Or that it wouldn't.
In college I spent most of my free time in a little bookstore off the Student Union lobby that looked and felt like an old-fashioned living room, with a writing-desk for a checkout counter, low mahogany-stained bookcases, two armchairs, and a green couch by the western window. It stocked some bestsellers and miscellaneous nonfiction, including The Little Prince and Dag Hammarskjold's Markings, but mostly science fiction and fantasy, with some underground comics under the counter.
It provided a bright belonging place for "head cases," boy who were majoring in English or philosophy or music, who wanted something greater and nobler from life than carrying briefcases into skyscrapers. We called ourselves the Bookstore Gang.
During any hour of the afternoon and early evening, half a dozen members of the Bookstore Gang could be found standing by the counter, or sitting on it, or browsing through the shelves, or reading in the armchairs or green couch that blazed with western sunlight. We discussed classes, comic books, movies, ghosts, and politics, but for some reason never girls. When the bookstore closed, we adjourned to the Rathskeller or to the TV Lounge, to argue and advise and review, discussing The Wizard of Id or Saturday Night Live, yelling "No one expects the Spanish Inquisition!" while stuck-up Business Majors stared.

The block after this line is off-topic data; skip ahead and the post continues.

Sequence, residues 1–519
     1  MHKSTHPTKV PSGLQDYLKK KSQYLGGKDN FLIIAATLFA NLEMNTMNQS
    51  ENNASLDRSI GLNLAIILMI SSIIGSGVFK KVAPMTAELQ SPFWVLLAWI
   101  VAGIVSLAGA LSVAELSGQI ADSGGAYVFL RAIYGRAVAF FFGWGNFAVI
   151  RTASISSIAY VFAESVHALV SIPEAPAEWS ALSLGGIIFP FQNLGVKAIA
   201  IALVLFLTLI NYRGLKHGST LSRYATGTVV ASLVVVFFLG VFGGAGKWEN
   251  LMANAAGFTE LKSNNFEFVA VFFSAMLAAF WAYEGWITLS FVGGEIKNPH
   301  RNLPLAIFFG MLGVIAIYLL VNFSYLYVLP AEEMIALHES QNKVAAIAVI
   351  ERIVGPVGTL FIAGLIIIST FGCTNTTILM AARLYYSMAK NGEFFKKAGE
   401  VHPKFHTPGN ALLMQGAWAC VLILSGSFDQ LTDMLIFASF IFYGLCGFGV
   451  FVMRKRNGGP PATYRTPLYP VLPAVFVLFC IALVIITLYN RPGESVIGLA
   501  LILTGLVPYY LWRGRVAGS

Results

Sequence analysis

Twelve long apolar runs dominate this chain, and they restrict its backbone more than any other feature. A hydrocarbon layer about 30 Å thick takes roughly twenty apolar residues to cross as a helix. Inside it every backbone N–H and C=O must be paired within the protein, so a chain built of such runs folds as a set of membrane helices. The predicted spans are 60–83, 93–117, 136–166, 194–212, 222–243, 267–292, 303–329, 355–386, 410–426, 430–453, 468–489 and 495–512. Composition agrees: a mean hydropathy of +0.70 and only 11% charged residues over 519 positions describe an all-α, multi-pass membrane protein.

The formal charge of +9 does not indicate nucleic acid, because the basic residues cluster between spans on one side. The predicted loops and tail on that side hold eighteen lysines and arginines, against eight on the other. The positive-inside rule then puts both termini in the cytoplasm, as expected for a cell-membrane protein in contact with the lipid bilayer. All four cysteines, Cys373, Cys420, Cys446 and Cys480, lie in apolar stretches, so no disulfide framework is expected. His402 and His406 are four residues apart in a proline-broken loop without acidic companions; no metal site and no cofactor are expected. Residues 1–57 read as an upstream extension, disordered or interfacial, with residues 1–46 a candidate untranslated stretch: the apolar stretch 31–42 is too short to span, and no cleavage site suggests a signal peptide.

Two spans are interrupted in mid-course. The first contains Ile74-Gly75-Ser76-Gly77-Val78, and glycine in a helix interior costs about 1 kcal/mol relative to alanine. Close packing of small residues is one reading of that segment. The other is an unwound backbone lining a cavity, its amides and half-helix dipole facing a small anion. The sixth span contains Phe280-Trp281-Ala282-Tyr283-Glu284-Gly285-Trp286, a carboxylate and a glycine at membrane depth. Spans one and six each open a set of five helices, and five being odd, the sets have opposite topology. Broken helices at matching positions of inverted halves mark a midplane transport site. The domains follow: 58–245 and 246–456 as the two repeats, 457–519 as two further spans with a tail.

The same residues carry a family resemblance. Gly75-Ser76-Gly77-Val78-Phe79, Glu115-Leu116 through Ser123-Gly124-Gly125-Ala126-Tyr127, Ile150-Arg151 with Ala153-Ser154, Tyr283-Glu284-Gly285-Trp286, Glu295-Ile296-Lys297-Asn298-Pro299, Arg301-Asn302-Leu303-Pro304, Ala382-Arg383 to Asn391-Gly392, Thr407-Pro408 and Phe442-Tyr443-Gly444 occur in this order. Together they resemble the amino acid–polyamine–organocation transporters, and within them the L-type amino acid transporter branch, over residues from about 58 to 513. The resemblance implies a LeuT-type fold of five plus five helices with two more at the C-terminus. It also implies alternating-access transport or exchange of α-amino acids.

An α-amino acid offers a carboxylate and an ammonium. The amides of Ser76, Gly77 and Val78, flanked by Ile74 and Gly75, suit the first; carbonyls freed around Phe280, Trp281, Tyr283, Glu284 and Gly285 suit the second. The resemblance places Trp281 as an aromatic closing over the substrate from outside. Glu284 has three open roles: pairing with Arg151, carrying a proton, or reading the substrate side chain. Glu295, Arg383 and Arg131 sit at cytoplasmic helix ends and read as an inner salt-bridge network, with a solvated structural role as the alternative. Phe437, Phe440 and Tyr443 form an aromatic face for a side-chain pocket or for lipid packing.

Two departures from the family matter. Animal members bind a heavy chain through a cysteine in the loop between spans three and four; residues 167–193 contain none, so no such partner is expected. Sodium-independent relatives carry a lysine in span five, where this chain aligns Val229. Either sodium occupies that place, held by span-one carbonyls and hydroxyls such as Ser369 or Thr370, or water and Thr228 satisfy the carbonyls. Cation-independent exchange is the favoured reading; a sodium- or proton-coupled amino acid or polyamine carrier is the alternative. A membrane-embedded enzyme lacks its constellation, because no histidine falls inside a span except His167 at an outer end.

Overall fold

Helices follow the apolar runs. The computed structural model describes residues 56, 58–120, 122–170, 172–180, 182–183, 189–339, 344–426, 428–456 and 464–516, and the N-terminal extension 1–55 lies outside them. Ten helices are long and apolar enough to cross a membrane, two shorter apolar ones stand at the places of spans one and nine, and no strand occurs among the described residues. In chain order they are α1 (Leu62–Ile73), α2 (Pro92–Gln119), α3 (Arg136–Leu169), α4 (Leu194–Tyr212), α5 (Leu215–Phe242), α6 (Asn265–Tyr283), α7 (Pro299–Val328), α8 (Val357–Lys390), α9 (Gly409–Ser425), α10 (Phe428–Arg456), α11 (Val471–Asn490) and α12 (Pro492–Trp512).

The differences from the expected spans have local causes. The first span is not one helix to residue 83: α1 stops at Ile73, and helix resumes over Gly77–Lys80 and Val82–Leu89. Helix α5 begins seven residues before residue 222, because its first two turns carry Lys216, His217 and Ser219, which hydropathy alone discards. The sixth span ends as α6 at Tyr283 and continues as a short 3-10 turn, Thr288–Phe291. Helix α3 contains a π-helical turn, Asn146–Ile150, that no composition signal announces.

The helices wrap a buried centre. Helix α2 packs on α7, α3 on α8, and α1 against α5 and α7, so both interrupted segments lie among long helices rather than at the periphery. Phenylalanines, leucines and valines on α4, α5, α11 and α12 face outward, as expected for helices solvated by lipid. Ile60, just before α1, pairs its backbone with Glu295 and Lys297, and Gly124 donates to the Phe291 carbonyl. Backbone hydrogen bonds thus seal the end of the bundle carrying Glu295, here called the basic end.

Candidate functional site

And what a cast of guest stars! Everybody who was anybody stopped by:
Bert and Ernie
Other hip, anarchic, iconoclastic tv programs and movies -- Monte Python, Mary Hartman, Saturday Night Live, WKRP in Cincinnati, Blazing Saddles, The Cheap Detective, Silent Movie -- were loaded down with fag jokes and hetero-horniness, but The Muppet Show had neither.
I always knew that the Muppets were gay-friendly.